The Joint Commission Resource issued a statement in 2018 that wood and fabrics are harder to disinfect and hospitals have to address surface rust. “But Kwalu cannot and will not rust,” says Nash, who is fond of stating that Kwalu is Joint Commission-ready for 10 years.“We also wanted to prevent vandalism with scratching on the furniture frames, and we do not want arm caps that harbor bacteria,” says Senner. “Kwalu products are really hard to scratch; people cannot deliberately scratch their furniture.”

As project managers and design professionals, we make our decisions with the stakeholders. We were impressed by the products when we toured other parts of Torrance Memorial where Kwalu lines have been specified.

Connie Senner, Director of Design & Construction/Administration, Torrance Memorial Medical Center

“As project managers and design professionals, we make our decisions with the stakeholders,” says Senner. “We were impressed by the products when we toured other parts of Torrance Memorial where Kwalu lines have been specified.” In these more public parts of the hospital Senner notes the furnishings encounter even more wear and tear 24/7/365. They are holding up and the hospital management also recognized that aspect.

“In recent years, Kwalu has added more design features that are contemporary and modern,” says Karen L. Braun, account manager, D&R OfficeWorks, Inc., El Monte, California. “Torrance Memorial is paying attention to the details of artwork and finishes in its medical facilities, so while the hospital had specified Kwalu up to seven years ago, the design team felt the Kwalu aesthetic also had become more modern and could fit with the contemporary interiors for the new cancer treatment facility.”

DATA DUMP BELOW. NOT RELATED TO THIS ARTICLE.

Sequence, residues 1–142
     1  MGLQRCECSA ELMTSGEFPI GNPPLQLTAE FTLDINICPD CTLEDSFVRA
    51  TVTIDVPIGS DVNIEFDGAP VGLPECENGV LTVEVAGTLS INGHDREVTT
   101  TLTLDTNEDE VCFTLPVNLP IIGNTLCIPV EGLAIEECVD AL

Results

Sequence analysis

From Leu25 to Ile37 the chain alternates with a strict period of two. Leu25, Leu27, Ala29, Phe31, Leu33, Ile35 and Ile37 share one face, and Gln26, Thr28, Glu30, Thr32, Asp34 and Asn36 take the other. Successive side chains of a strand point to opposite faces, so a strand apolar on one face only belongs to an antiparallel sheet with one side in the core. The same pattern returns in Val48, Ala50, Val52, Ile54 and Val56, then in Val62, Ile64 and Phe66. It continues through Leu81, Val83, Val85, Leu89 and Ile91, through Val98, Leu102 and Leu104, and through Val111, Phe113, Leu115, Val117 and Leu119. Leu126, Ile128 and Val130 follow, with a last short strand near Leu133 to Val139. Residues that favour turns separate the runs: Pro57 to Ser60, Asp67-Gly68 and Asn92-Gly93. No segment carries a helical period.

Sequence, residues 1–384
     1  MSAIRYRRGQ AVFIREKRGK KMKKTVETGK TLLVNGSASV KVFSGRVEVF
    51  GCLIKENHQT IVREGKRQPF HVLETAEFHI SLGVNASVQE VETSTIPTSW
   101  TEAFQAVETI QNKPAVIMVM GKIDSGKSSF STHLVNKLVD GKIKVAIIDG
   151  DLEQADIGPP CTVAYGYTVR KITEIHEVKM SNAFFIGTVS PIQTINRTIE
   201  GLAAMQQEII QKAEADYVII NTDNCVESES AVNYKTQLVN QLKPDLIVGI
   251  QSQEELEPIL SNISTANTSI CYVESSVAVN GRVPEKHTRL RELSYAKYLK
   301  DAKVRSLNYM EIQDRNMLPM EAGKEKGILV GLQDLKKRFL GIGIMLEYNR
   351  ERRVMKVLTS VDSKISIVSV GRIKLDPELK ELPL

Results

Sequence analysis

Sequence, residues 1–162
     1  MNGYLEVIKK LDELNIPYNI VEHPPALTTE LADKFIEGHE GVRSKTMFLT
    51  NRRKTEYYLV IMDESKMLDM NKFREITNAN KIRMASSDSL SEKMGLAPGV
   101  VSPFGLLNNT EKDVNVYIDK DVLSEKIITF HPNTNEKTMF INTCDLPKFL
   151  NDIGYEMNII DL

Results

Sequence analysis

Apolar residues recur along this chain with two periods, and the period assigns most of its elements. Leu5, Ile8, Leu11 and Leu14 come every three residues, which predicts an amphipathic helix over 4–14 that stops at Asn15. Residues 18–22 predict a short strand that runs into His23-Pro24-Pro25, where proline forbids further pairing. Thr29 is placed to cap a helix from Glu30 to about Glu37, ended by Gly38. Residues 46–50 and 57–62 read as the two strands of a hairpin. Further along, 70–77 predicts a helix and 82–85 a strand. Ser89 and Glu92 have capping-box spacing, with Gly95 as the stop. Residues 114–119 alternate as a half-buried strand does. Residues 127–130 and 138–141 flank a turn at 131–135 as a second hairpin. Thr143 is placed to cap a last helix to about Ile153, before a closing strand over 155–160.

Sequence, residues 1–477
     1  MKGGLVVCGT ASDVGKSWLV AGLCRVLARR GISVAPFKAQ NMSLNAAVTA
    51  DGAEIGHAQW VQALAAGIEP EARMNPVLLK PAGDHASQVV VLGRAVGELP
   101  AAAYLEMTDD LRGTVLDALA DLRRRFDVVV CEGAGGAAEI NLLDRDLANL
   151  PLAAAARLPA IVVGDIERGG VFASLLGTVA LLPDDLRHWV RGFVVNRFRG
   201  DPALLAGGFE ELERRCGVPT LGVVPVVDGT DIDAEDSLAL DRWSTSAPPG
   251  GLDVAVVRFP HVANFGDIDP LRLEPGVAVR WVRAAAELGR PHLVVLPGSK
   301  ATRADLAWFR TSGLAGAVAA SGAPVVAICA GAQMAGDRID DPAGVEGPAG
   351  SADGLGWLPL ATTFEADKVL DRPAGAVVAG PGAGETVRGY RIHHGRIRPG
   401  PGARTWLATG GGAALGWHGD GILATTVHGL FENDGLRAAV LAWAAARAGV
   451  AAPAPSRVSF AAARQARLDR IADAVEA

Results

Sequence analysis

A green-hued color scheme is applied to Kwalu furnishings to complement the walls in settings closer to the patient treatment areas.

“The installed Kwalu furniture (in other sections of Torrance Memorial Hospital) is holding up beyond expectations for the stakeholders,” remarks Senner. “Frankly, when you try to impart your experience with some brands, people can be skeptical. But they saw it and know how it all held up through the Covid-19 cleaning protocols.”

Braun reports the same experience. “D&R installed Kwalu chairs more than seven years ago for the volunteer room, and they still look great. The legs are not banged, dinged, or scuffed; they look new.”

Furthermore, Kwalu’s seating is hefty–it cannot easily be moved or knocked over–as Braun notes, no hospital management wants its furniture relocated.

Performance beyond expectations

One of the challenges that Senner volunteered was the continued effort by architectural/interior designers to try to specify cloth contract fabrics. “It just does not work. You have to scrub clean and then dry the cloth fabric on chairs. We don’t have the luxury of time. We need the vinyl coverings; they hold up and are being designed to a higher aesthetic in the past few years.”

Kwalu focuses on component replacement. If a fabric fails, it has to be replaced but the frame around the fabric will withstand 10 years or more. Most fabrics won’t withstand five years, so it is important to have components that can come apart for field replacement in 10 minutes, Nash explains.

“I have been to the Kwalu showroom in Atlanta with the (Torrance Memorial) manager of the engineering refurbishment department,” Senner imparts, “because it was important to have someone involved with the ongoing maintenance for drawer glides and pulls, hinges, sofa feet, etc. He is looking at furniture from different perspectives.”

“By the time we leave the Kwalu showroom, we understand that the better solutions for healthcare are there.”